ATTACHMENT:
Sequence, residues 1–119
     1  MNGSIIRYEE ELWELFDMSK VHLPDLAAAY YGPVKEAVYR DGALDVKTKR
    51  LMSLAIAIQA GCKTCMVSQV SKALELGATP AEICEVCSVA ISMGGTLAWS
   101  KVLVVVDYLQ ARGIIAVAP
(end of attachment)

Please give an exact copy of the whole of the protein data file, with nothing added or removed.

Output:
Sequence, residues 1–119
     1  MNGSIIRYEE ELWELFDMSK VHLPDLAAAY YGPVKEAVYR DGALDVKTKR
    51  LMSLAIAIQA GCKTCMVSQV SKALELGATP AEICEVCSVA ISMGGTLAWS
   101  KVLVVVDYLQ ARGIIAVAP